Quick on the draw
Despite some quite silly editorial lapses I think this will end up as the definitive portfolio for Jack Davis fans and I've been one for decades. Thirteen by ten inches, 208 pages and with plenty of color. The eight chapters: Early years; Comics; Record covers and Movie posters; Gags and Illustration; Time and TV Guide; Advertising; Biography; Tributes to Jack Davis, more or less cover his creative life and each has a generous sampling of his wonderful work. You can always identify it because he always draws people with very long feet
'Gags and illustration' with fifty pages is the longest chapter with a range of work from past decades and nicely it includes some whole page illustrations with roughs on the facing page. The Time and TV Guide chapter unfortunately only has eighteen Time covers out of the many he painted although eleven of these are large reproductions without the logo or red border. TV Guide also has eighteen covers but only one large blow-up of the cover painting.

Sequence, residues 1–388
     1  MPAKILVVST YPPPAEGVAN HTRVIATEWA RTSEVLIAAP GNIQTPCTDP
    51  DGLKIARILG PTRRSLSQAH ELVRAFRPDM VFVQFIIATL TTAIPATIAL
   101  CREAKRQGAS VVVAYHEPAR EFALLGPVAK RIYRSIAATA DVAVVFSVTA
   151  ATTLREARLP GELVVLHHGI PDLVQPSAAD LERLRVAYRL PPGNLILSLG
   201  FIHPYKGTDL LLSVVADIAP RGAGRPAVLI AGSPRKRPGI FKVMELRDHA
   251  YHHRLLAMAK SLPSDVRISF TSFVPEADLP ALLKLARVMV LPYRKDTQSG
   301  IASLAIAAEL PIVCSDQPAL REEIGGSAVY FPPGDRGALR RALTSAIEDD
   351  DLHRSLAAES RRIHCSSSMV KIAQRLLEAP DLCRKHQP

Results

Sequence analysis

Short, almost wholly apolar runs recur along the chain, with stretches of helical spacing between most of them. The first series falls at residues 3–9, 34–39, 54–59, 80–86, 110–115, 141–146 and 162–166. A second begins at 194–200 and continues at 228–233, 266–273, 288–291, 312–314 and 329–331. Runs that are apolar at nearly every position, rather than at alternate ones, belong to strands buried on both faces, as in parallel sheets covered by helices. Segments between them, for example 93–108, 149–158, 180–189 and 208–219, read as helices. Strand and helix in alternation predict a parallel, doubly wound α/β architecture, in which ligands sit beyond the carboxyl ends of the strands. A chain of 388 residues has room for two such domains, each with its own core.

The editorial, especially the production, really should have been better though. The major fault for me was a complete lack of any captions under or near the illustrations. No dates or a bit of background information to explain anything. The Art of Jack Davis by Hank Harrison would have identified and dated most of the art. Amazingly there is some information in the last two pages of the book where it's called End Notes, thirty-three sort of caption-like material appears but it only refers to a small number of illustrations throughout the book. Why the publisher's thought the readers should flip backwards and forwards to find out about a particular image is beyond me. Flipping isn't too easy either because the page numbers are tiny (five point) and only appear on about two thirds of the pages. The last twenty-six have no numbers at all. This is really shoddy work by someone at Fantagraphics.
There is no Contents page or Index, both are editorial items I would expect to find in this sort of book. Other reviewers have commented on the paper and it does seem an odd idea to actually print a very light tint of yellow and red on every page instead of leaving it as white paper. The movie posters and TV Guide covers are printed on white panels fortunately.
Despite these weaknesses I think there is much to enjoy in these pages. Jack Davis is such a superb artist and to see this large collection of his work in one place is really something.
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